But the EU and America continued to ignore Russian attempts to impede calls for international inquiry and started to press Karimov to conduct one under the auspices of international observers. On 15/6/05 the US State Department Spokesman Sean McCormack said that the Bush administration has in the recent past blocked some U.S. aid to Uzbekistan because of its poor human rights record, and that policy toward that country is under review as the United States presses its call for a credible, independent investigation of the Andijan events. Karimov reacted angrily to US threats to cut aid and proceeded to ban US flights at the K2 airbase. Describing the ban Pentagon spokesman Bryan Whitman said, “The Uzbek authorities are no longer allowing night flights in and out of the Khanabad air base, which the U.S. army is using for providing support to the allied forces in Afghanistan and for the flow of humanitarian aid into this country.” This was followed by demands by the Uzbek government that the US should pay for using the base. While making such demands the Karimov’s regime also took a swipe at the US and reminded her that the stay at Khanabad airbase was temporary. The reminder reflected the concerns expressed by the Shanghai Cooperation Organization (SCO), which consists of China, Russia, Uzbekistan, Kyrgyzstan, Tajikistan and Kazakhstan. These countries met on July 05, 2005 and demanded that the U.S. provide a timetable for pulling its military out of Afghanistan and Central Asia.

However, it was the use of the K2 base by the UN to airlift more than 440 Uzbeks from Kyrgyzstan to Romania that prompted Karimov to sever his relationship with the US. Commenting on the airlift, Romanian Foreign Minister Mihai Razvan Ungureanu said that the Uzbeks would travel on to other countries, including the U.S., where they will undoubtedly be debriefed and some recruited by U.S. intelligence agencies. The very next day on August 01, 2005 the Uzbek government delivered an ultimatum to the US and told her that America had six months to pull its troop from K2 and leave Uzbekistan. Washington immediately cancelled Nicholas Burn’s visit and announced that America would meet Karimov’s deadline. Thereafter, Washington intensified its criticism of Karimov’s regime and was joined by the EU who immediately cut off aid to Karimov.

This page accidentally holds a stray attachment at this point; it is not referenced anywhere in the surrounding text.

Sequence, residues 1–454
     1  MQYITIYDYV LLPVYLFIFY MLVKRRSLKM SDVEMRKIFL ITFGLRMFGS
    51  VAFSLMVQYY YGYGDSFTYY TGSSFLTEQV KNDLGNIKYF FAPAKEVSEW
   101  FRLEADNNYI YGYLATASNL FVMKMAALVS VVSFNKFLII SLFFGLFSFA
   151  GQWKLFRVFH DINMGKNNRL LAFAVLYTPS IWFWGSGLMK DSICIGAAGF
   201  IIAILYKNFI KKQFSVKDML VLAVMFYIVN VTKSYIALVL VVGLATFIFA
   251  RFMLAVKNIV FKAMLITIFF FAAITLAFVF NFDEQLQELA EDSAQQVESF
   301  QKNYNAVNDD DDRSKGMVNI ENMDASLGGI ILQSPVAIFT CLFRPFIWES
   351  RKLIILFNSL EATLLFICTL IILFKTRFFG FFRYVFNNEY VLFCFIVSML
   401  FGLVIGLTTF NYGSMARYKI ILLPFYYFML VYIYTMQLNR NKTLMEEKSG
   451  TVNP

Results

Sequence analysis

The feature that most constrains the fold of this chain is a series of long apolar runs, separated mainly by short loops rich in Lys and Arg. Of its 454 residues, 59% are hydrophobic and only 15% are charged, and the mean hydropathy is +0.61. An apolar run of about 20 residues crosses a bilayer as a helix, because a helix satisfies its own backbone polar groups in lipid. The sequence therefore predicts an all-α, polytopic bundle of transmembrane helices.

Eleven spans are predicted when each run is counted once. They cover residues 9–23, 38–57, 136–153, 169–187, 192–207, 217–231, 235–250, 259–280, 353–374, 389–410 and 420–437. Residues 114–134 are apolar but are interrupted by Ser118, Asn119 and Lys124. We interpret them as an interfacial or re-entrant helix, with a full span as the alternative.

Russia’s response was the exact opposite. On August 01, 2005, speaker of Russia’s upper house said that Uzbekistan made the right decision in telling the United States to withdraw its military base within six months. Russia as well as China took advantage of the tense relationship between Karimov and the US over the past few months to cement economic agreements with Uzbekistan. Karimov journeyed to China to sign new "friendship" and energy agreements with Beijing, and he reaffirmed Uzbekistan’s contracts with Russia for natural gas exports.

The loss of the K2 base will not affect American operations in Afghanistan. From the outset, the K2 base was more of a toehold for America to project its power in the Caspian Sea region and beyond. But at the moment this strategy is looking increasingly shaky as both Russia and China are exploiting America’s failings in Afghanistan and Iraq to counter US presence in the Central Asian states. The rivalry between these powers is just the beginning of a long struggle to control the rich oil resources of the region.